“Make a hole!” rendered such results when you were in uniform. It denotes movement and a sense of urgency. The crowds immediately parted and gave you, your entourage or your working party right of way. An alternate of this phrase favored by the sea services is “Gangway or sickbay!” I prefer that one as it communicates the consequence for failing to get out of the way. When you yell one of these phrases in a civilian setting you might as well be reading a recipe in Latin at the Tennessee State Fair. Blank looks.

6. When you disapprove of someone’s appearance or performance you refer to them as “nasty.”

“Nasty.” You first heard this from your Drill Instructor, and it was kept alive through salty Staff NCOs and the Chiefs’ Mess. It was used for any type of disapproval from appearance to behavior. It’s a tough one to break. Even though you may now have a bro-vet beard and you’ve tried the man-bun and mullet, you still look disparagingly at civilians. You are a little more relaxed with grooming regulations, but you view height/weight discrepancies with disdain. (Often oblivious to your own beer gut). Even when you mature past these surface judgements, seeing someone flick a cigarette butt, not return a shopping cart or fail to open a door for someone…. Well that’s just nasty.

drill instructor left you institutionalized
(U.S. Marine Corps photo by Lance Cpl. Roxanna Gonzalez)

7. It is impossible for you to not wear a belt.

The worst offenders here are the crayon eating United States Marines. While on active duty you hated the First Sergeant and the seeming ridiculous regulation, “If it has belt loops, you must wear a belt”. In time, the mandate somehow rooted itself in your psyche. You actually left the house once, defiant in your new found freedom and no-shave chit, but turned the car around before getting out of the neighborhood. You ran back inside, put on a belt and refused to make eye contact with yourself in the mirror.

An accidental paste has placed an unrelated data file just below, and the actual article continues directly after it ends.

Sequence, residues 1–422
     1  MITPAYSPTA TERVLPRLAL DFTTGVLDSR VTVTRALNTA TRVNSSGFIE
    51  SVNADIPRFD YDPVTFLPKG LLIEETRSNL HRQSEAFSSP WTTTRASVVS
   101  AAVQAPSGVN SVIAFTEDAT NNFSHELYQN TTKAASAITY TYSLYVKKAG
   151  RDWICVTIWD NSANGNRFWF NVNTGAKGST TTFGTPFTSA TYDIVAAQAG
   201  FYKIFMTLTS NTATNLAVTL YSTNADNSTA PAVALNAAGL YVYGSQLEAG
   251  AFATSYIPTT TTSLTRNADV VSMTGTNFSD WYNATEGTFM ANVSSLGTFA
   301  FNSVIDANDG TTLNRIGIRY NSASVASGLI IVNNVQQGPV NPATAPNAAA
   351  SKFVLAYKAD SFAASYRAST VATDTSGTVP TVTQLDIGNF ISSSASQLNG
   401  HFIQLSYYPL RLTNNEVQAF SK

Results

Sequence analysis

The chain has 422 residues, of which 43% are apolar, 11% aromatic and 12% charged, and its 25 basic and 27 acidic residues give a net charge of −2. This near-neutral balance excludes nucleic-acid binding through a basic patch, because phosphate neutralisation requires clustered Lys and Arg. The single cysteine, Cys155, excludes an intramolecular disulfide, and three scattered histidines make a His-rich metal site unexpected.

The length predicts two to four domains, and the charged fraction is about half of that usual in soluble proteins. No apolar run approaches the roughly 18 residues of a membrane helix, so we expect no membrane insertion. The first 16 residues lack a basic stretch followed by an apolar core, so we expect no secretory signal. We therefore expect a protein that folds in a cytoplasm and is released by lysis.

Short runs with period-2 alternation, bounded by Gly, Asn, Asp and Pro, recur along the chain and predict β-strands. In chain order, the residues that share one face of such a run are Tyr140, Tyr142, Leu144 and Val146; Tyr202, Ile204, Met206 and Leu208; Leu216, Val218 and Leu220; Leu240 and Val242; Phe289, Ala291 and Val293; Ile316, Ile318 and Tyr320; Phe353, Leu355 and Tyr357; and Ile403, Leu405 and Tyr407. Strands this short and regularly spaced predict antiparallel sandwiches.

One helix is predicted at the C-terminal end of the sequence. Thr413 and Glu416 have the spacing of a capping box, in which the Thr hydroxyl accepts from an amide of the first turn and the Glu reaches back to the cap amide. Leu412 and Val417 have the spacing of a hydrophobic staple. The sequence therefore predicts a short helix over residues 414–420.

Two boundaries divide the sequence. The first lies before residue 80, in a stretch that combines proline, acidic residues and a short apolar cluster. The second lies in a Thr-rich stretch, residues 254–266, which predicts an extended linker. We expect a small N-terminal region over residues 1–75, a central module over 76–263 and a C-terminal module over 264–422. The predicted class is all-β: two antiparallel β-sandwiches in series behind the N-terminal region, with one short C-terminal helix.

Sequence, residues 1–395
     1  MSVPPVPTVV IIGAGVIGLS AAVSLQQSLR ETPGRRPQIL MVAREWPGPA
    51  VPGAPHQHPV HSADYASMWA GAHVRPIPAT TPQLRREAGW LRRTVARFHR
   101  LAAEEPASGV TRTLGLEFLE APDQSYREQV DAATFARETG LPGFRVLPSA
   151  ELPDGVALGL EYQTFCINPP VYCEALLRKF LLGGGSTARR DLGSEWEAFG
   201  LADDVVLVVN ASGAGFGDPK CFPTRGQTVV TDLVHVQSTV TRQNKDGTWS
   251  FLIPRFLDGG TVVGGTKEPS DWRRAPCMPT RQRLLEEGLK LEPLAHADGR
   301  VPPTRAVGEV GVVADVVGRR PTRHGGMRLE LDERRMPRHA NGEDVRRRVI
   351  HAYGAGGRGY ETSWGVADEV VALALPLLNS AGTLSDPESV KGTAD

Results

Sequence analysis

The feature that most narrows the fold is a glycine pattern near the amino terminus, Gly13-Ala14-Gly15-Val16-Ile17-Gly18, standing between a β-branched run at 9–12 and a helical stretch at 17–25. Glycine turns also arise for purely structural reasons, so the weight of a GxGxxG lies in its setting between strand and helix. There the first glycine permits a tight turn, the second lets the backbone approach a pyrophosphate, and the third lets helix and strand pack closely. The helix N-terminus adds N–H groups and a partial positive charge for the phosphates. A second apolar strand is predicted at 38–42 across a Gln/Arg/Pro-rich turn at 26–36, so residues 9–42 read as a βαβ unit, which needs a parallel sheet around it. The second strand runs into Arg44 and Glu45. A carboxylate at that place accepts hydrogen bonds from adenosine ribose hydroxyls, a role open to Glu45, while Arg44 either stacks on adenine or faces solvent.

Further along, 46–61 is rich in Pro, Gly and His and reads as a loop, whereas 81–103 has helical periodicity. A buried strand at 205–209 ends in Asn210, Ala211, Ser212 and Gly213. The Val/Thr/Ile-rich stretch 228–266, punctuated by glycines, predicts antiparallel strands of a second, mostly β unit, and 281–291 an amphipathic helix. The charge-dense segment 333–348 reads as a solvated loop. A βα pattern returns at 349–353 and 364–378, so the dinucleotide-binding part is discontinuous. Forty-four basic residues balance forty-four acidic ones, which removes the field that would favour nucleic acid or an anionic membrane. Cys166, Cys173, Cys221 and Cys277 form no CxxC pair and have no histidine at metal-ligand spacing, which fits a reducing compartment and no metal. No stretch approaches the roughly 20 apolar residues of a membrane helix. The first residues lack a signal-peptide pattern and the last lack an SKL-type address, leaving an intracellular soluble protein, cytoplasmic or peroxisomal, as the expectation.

8. You always back your vehicle into a parking space.

This is one of the more beneficial habits you bring from your time in the military. It reflects a prepared mindset. It’s not that you need to get in the car and quickly get away. It’s more that you are ready to respond, to go help someone or accomplish a task quickly. Our public service brethren in law enforcement, firefighting and emergency services are recognized by this same habit of action.

9. Your co-workers are frightened by your liberal use of profanity and lack of verbal filter.

You don’t realize it, but you became bi-lingual while in the military. This second language isn’t only characterized by endless acronyms, it is a minefield of profanity. Some can turn it on and off, but many veterans are oblivious to the offense that comes out from their mouths. If you spew forth profanity in compound words with fluidity even when you are not angry, then the imprinting is deeper than you know. Your co-workers leave the room in shock, and you wonder why no one ever asks a responsible adult like yourself to babysit their kids.

10. You always, always, carry a pocket knife.

Much like the parking TTP (tactic, technique and procedure) this habit is indicative of your readiness mindset. You rarely have to cut string, never have to open an MRE again and aren’t likely to find yourself in-close fighting with an insurgent…buuuut, you just have to carry a knife. Those times that you are prohibited by the TSA from flying with this handy instrument result in you buying one soon after landing at your destination. They may judge you, but they will be the first one to ask, “Anyone have a knife?”. As you flick the blade open with your thumb and hand it to them handle first, just look them in the eye and confidently say, “I got you bro.”

So if you suspect your time in uniform may have left more residue than you think in your life, use these 10 signs to examine yourself, your battle buddy, wingman or shipmate. And, if you are an incognito veteran who is a little irritated no one knows you were in the military, try putting these things into practice. They will notice, and you can tell them, “You’re welcome for my service.”